Lawyers call for legislative amendment to Migration Act

18th Jun 2014

The High Court’s decision in Plaintiff S156-2013 v Minister for Immigration and Border Protection highlights the lack of adequate protections in Australia’s migration law, the Australian Lawyers Alliance said today.

The case, which was handed down at 10.15am, held that the designation of Papua New Guinea as a ‘regional processing country’ under s198AB of the Migration Act 1958 (Cth) was valid under the Australian Constitution.

“The net effect of this decision is that the Minister has the power to ship legitimate refugees to any country on earth that is designated as a regional processing country, where he considers it is in the national interest to do so,” said Geraldine Collins, National President of the Australian Lawyers Alliance.

“At present, the overarching consideration for the Minister must be the ‘national interest’, the meaning of which, the High Court held, is ‘a political question’,” said Ms Collins.

“In the absence of any other safeguards, the Australian Lawyers Alliance asserts that as a basic and fundamental safeguard, the capacity to provide detention which meets the Commonwealth’s own detention standards, should be an additional legislative criterion for the Minister to consider in section 198AB(2).”

“We call on the Parliament of Australia to appropriately consider such an amendment to the Migration Act,” said Ms Collins.

“Avoiding Commonwealth liability for negligence is an issue that presumably, the Minister would consider in the ‘national interest’.”

“Last week, the Australian Lawyers Alliance provided evidence to the Senate inquiry into the incident at Manus Island, asserting that the Commonwealth may retain a non-delegable duty of care to people detained, regardless of whether they are on Australian soil.”
“Australian case law is clear in that where people are detained, the detainer has a duty to take reasonable care to ensure that people do not suffer injury,” said Ms Collins.

“A legislative amendment referring to the Commonwealth’s own detention standards would act as an increased safeguard against potential injury, and thus potential liability of the Commonwealth.”

In making a decision under s198AB, the Minister must consider whether or not a country has made any ‘assurances’ about not expelling or returning a person to another country where they may be in danger, and the making of refugee assessments.

“However, these assurances do not need to be legally binding, and there is no need for evidence or even basic inquiry into the truth of such assertions,” said Ms Collins.

“Countries do not need to be able to demonstrate capacity to process refugees, or capacity to safeguard their rights or safety. Instead, they have the option to make non-binding assurances, which Australia may rely on to wash their hands of responsibility.”

“There is no provision in s198AB that provides that there must be consideration of human rights in any regard. In fact, s198AB(7) specifically states that ‘principles of natural justice do not apply’.”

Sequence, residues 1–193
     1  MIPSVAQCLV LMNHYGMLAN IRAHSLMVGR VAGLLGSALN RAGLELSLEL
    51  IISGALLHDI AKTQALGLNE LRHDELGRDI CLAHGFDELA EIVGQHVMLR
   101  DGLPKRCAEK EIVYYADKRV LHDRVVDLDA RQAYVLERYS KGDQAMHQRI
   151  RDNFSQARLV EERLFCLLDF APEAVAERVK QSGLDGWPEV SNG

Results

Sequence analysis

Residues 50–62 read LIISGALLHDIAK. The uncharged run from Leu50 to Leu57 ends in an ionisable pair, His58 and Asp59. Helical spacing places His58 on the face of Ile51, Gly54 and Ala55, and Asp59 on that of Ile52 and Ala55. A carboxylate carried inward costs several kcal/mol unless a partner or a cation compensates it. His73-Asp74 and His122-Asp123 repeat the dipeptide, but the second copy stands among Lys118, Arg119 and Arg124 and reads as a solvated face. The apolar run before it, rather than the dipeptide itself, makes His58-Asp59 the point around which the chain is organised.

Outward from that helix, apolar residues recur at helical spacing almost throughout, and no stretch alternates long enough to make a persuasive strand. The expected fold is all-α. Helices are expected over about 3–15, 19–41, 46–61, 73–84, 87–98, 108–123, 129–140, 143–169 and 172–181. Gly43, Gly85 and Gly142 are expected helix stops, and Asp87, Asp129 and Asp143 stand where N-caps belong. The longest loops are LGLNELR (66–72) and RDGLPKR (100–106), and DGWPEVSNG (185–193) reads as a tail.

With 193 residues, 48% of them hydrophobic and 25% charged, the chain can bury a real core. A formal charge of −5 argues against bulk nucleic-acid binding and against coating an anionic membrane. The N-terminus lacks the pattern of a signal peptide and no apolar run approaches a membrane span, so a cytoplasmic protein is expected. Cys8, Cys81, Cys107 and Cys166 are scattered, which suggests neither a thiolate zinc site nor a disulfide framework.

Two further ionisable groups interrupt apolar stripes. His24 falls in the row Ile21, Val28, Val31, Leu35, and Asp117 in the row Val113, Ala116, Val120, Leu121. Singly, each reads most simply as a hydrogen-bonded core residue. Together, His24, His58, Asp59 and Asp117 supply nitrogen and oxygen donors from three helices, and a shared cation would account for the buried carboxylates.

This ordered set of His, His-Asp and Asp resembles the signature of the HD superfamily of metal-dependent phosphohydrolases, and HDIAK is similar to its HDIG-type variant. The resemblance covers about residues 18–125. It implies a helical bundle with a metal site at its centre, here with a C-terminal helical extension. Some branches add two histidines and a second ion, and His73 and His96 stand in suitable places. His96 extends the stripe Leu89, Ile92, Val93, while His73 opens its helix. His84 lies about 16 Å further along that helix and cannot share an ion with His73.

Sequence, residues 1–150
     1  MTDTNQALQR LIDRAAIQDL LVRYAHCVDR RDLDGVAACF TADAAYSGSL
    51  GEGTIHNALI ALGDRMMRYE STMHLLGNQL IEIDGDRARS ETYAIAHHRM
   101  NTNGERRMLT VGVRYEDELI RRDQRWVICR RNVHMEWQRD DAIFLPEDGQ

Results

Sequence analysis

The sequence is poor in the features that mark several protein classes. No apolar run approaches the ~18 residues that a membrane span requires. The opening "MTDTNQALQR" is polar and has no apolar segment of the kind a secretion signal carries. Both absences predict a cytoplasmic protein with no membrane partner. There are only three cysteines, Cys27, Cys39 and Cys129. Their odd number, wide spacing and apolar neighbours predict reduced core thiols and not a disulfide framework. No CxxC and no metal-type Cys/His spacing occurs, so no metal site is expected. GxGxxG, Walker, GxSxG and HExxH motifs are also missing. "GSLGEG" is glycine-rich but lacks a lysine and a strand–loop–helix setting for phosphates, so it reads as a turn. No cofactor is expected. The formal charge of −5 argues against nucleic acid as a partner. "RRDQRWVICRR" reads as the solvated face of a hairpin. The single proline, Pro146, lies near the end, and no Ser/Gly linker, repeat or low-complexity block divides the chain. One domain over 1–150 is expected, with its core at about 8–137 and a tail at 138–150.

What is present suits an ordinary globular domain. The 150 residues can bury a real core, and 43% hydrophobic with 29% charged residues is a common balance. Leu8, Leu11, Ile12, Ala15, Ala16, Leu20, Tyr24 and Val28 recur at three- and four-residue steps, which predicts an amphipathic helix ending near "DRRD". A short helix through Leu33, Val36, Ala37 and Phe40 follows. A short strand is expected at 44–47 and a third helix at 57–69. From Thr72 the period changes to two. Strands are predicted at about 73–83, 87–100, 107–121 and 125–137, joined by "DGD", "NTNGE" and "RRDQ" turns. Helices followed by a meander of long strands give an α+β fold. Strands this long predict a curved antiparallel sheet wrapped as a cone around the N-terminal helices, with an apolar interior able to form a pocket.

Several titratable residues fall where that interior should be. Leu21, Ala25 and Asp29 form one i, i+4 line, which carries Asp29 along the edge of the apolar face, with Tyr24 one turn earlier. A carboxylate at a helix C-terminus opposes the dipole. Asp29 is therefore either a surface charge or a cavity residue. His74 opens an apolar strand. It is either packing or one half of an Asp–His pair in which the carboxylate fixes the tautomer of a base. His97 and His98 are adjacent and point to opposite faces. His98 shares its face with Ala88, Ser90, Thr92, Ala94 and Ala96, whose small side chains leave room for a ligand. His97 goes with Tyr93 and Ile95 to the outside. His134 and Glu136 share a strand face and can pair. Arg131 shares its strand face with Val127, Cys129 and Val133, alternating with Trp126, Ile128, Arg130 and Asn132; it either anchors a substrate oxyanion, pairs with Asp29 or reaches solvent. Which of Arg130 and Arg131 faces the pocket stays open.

The legislative provisions that were tested before the Court today were introduced into the Parliament of Australia less than a month after the High Court’s decision overturning the ‘Malaysia solution’, in the form of the Migration Legislation Amendment (Offshore Processing and Other Measures) Bill 2011 (Cth).

“At the time of their introduction, these provisions were not tabled alongside a statement of compatibility with human rights.”

“Many Australians may be disappointed by the Court’s findings today,” said Ms Collins.

“However, it must be remembered that the role of the courts is to interpret Australian laws, not to create them.”

“Any disillusionment that the Australian public feels following the decision today must focus on the Parliament of Australia, who has the power to make laws, not the judiciary, who is bound to appropriately interpret them.”

“Australia is isolated in the common law world in its lack of vital protections on citizens’ and non-citizens’ human rights. Nowhere is this more evident, than in Australia’s migration law, which is subject to legislative amendment on a frequent basis.”

In the case today, the Court held [at 40] that ‘there is no mandatory condition for the exercise of the power of the power of designation under s198AB apart from the formation by the Minister of an opinion that it is in the national interest to do so… The only matter to which the Minister is obliged to have regard, in considering the national interest, is whether or not the country to be designated has given Australia any assurance as set out in s198AB(3)(a). There is no issue in this case that such assurance were in fact given.’


The full judgment of the case can be accessed on Austlii here:

The original Bill that was introduced into the Parliament of Australia following the High Court’s Malaysia decision, was the Migration Legislation Amendment (Offshore Processing and Other Measures) Bill 2011 (Cth). It was subsequently renamed the Migration Legislation Amendment (Regional Processing and Other Measures) Bill 2012 (Cth). The Bill, Explanatory Memorandums and second reading speeches can be accessed here:

An overview of the Australian Lawyers Alliance’s evidence to the Senate Inquiry into the incident at Manus Island, can be accessed here.

The full transcript can be accessed on the APH website.

Tags: Human rights Migration law Asylum seekers and refugees